And finally, the ability to gently but persistently insist that the practice adopt and use a systematic QI process, like the Model for Improvement and its PDSA (Plan Do Study Act) Cycles. Some clinicians roll their eyes at this, but I have found the PDSA cycle to be an enormously useful tool mainly for keeping QI teams from running off the rails. It creates structure, and a level of rigor when you’re trying to test a change. The other big value is it prevents a practice from attempting too big of a change too fast, which is where I’ve seen most QI projects fail. Taking on too much too fast and then it just falls apart. Either you can’t execute it or you haven’t had a chance to think it through well enough to make sure it’s something that’s going to work. You go to scale too fast and then it fails because it’s not a good design. Or you abandon the effort because it becomes too overwhelming, or folks charge off in all directions at once.

Those are the four things I absolutely want from a facilitator.

 

Leif: Those are great characteristics, but I’m a little surprised that you left out saying that they need to have knowledge about what primary care was all about and how clinics function.

Lyndee: Well yes, to me, this is kind of a given but I also don’t see lack of experience in primary care environments as a deal breaker. A good facilitator can learn what they need to know spending a month shadowing other facilitators or clinicians and staff in a clinical setting. And a good practice facilitator can provide effective project management support, pull together and present performance data, and teach QI teams useful processes like PDSA cycles for example, without deep experience in primary care settings. This said, ideally, the folks we hire are familiar with primary care and have worked in settings similar to the ones they will be supporting — for example, Federally Qualified Health Centers, independent practices, vs. a practice in a large integrated health system.  Ideally I hope our facilitators are familiar with key workflows in primary care practices  — Tom Bodenheimer outlined a set of 22 workflows – and if they aren’t relevant, one of the first things I will ask them to do is to go observe these workflows to get to know them.  For example, one practice we were helping wanted to work on advanced care planning, which I was not an expert on, but I did know about their type of health system and that their physicians did not have time to spend on that topic during a visit. So, given my system knowledge, I was able to help them find an intervention that would work within their constraints. You want to choose an intervention that isn’t too elegant or complicated, so that you are setting them up for success.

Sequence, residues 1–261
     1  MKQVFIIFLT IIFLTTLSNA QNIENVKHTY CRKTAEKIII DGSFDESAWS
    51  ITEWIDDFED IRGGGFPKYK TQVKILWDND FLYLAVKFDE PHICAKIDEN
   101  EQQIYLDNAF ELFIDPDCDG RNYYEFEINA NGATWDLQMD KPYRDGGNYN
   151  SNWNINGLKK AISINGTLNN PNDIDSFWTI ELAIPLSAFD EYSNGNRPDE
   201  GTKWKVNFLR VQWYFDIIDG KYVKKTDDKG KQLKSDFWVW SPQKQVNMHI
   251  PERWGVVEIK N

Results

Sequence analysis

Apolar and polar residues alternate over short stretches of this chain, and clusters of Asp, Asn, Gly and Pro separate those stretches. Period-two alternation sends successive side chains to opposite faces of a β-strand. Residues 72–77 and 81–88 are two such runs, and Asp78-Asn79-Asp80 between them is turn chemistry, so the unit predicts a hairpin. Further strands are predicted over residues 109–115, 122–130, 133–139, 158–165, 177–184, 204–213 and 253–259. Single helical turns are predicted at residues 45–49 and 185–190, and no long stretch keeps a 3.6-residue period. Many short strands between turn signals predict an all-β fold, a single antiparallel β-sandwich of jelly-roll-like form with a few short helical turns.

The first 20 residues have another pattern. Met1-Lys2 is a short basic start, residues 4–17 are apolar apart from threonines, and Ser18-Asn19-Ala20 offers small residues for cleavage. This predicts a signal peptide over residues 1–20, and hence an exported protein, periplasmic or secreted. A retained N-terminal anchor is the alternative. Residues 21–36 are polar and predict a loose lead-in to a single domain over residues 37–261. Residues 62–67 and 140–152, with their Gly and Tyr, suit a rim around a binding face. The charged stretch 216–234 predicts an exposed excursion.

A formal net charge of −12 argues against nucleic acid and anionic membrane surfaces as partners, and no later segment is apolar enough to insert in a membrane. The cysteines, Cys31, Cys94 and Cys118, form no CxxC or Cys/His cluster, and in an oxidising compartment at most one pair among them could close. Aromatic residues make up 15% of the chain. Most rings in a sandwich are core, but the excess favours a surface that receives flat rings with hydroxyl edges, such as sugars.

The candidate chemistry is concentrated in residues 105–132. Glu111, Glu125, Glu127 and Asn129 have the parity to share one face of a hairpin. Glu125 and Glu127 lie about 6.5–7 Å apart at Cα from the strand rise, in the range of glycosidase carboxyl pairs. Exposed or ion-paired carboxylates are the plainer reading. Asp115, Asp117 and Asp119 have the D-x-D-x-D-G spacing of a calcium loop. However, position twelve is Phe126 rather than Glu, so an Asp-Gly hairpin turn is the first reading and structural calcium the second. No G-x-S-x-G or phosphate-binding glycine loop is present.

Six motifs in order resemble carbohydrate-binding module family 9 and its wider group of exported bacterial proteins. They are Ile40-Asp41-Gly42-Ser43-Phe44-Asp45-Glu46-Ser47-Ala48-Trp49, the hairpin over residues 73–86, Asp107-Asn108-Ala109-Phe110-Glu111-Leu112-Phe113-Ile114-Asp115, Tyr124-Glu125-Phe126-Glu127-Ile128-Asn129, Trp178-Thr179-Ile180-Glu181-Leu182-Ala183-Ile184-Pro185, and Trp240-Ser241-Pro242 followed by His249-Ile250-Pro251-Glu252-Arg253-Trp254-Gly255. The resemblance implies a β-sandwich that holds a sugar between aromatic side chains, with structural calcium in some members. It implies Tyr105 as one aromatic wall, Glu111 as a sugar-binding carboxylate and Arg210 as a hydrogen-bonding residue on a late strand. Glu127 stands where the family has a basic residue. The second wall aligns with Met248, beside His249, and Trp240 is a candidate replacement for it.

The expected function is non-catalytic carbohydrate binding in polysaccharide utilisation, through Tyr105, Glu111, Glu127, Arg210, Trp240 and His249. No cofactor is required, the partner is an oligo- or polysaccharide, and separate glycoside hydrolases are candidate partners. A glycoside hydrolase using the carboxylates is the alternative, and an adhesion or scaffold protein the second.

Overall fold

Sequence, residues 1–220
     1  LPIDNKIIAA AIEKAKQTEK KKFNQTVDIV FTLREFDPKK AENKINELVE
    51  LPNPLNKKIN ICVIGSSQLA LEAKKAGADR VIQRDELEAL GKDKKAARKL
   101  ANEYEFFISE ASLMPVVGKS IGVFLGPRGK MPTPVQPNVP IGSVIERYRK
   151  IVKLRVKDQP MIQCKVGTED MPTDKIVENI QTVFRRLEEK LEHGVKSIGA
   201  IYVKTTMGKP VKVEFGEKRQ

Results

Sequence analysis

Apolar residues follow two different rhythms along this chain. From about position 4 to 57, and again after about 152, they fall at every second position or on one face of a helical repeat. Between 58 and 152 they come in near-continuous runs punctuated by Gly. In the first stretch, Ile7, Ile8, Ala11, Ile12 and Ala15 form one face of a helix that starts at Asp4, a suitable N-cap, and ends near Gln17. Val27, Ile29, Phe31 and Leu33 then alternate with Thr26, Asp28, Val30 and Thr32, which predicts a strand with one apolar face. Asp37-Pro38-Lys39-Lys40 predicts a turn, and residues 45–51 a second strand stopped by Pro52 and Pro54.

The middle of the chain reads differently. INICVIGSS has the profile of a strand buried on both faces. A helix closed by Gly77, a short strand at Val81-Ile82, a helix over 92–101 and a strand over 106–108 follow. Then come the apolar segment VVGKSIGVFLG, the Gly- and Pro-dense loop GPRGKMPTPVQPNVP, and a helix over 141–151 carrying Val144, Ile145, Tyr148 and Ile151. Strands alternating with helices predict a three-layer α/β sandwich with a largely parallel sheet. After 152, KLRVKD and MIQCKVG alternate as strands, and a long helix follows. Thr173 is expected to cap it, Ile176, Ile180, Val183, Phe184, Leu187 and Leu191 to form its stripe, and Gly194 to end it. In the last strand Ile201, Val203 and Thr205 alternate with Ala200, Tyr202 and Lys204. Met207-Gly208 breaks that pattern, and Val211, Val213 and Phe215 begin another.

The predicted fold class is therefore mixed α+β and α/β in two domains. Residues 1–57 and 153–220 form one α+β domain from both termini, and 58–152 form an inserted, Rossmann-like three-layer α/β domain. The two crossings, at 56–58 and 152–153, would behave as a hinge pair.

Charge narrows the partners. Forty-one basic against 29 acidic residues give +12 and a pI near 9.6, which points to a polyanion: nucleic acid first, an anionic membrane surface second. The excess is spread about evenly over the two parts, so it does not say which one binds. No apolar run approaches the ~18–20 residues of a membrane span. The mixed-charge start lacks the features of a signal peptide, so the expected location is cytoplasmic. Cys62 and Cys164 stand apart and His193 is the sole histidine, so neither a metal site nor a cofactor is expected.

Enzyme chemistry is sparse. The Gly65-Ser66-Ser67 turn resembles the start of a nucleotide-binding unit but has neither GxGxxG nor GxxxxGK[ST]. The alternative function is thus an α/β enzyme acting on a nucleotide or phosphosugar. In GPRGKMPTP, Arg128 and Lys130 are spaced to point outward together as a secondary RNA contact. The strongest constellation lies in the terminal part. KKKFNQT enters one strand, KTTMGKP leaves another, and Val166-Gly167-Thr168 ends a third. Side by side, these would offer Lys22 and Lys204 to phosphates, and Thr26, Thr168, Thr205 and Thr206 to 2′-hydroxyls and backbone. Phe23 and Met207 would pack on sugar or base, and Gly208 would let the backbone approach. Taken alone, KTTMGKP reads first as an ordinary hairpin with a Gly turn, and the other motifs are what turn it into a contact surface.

Leif: That makes sense. So, if you’re going to go out and hire practice facilitators, what kind of background would you be looking for?

 The sparkle factor — being comfortable engaging and working with people. That’s the one thing I found that we can’t train. I’ve also realized that sparkle looks different in different people.


Lyndee: I do look for someone who’s had experience in a primary care environment or, at the very least, three to four years in a healthcare setting. Some facilitators I’m currently hiring are coming out of a Quality Assurance department in a hospital. Another one was managing the ER physicians in a hospital. This comes back to what you were just asking about; through this work, they have context. They understand what the constraints are in those environments.

They don’t have to be clinicians. Often I find that clinical background can be a barrier because they’re already set in what they think can or cannot work, and that can interfere with their ability to really facilitate a team. Not that it’s a deal breaker, it’s just that they need a little extra training in terms of leaving their own clinical experience at the door — at least some of it.

 

Read Part 2, “The Job is to ‘Go Find the Geese'” Here